What next for GroKo after Thueringen fiasco?
Updated: Feb 17
The decision by the German Liberal Party (FDP) to take the Premiership of the German land (region) of Thueringen (eastern Germany) has landed a bomb-shell on German democracy, where the new Minister-President, Thomas Kemmerich, was able to get into his position, in part due to the votes of the far-right AFD.
Whilst votes from the CDU (the party of Angela Merkel) also allowed Mr Kemmerich into his position, nevertheless, the pictures of Mr Kemmerich shaking hands with the AFD’s Thueringen leader, Bjoern Hoecke, sent schock-waves across German politics. The CDU’s leader (and potential future German Chancellor) Annegret Kramp-Karenabuer underlined that she had been against the decision of the Regional CDU to support Mr Kemmerich, given the fact that by association the CDU had aligned themselves with the votes of the AFD. As a solution to the impasse, she suggested that fresh elections might be required. Christian Lindner, the FDP’s leader (who famously walked out of coalition talks with Angela Merkel after the 2017 German elections) gave a short press-conference stating that he hoped that other “centrist parties” such as the CDU, SPD and the Greens would come to support Mr Kemmerich and that the FDP would never align themselves with the AFD.
The SPD (the junior coalition partners of the CDU) has also taken a strong stance against this decision with both the German Foreign Secretary as well as the country’s Europe Minister distancing themselves from the decision. Co-leader of the SPD in Germany’s Parliament, Saskia Esken, even went as far to suggest that it would pose serious questions about the coalition Government. Meanwhile the CDU’s sister-party, the CSU, also distanced themselves from the decision.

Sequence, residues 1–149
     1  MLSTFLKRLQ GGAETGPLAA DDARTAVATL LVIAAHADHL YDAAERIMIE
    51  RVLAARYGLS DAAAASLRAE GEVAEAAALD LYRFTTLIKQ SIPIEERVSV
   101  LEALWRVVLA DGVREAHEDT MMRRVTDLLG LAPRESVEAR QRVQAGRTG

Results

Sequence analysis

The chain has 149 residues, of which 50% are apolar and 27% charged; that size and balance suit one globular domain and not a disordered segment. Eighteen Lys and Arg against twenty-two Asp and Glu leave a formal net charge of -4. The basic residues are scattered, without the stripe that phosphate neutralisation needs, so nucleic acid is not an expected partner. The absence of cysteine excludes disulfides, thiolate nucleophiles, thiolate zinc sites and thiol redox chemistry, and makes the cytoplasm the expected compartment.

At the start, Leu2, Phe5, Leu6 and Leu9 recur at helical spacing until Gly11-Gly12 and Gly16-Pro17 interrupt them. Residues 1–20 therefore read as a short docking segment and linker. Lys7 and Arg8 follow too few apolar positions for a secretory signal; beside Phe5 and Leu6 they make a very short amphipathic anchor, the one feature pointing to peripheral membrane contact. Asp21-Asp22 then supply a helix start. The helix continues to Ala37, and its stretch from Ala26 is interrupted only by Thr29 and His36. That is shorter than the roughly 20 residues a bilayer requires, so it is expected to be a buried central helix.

But what does all this mean in practice? The face-saving option might well be for fresh elections, as called by Kramp-Karenbauer. Whilst the SPD might not like the fact that the CDU votes (together with the AFD) enabled Mr Kemmerich to become Minister-President, it would be difficult for them to seriously call the grand coalition (grosse Koalition or “GroKo” in German) into question unless they were to actually follow through with such a possibility. Latest federal opinion polls, however, put them vying for 4th place with the AFD, both hovering around the 13-14% mark. If the SPD were to decide to pull the plug on the GroKo (they would need to seriously make political gains out of this mess in the process) then most likely, Germany would be looking at fresh elections. (The next federal elections are not scheduled until the Autumn of next year). The only other coalition which would numerically reach a majority at Federal level is the “Jamaica” coalition, so-called due to the fact that the colours of the parties (CDU-black; Green-Green; Liberal-yellow) which would be involved, make up the Jamaican flag. However, such a coalition failed to materialise after the decision by Christian Lindner to pull the Liberals out of the talks after the last German elections and the Greens, 2nd in federal opinion polling at the moment, equally frustrated by the decision of Mr Kemmerich, would unlikely want to go into talks with the Liberals at this stage.
Today’s decision will put a dampener on the Liberals election chances in the short-run and will offer election ammunition fodder to the SPD and the Greens in particular. The first test of the fall-out will come in Hamburg state elections scheduled for the end of the month (The SPD and Greens are in coalition there). As for the AFD, despite the fact that none of the other parties have any desire to work with them, it put them further in the political limelight and allowed them the opportunity to present themselves (as they did) as the only party which could allow CDU and the FDO ever to take power. One thing is clear: German politics has been severely rocked by today’s decisions.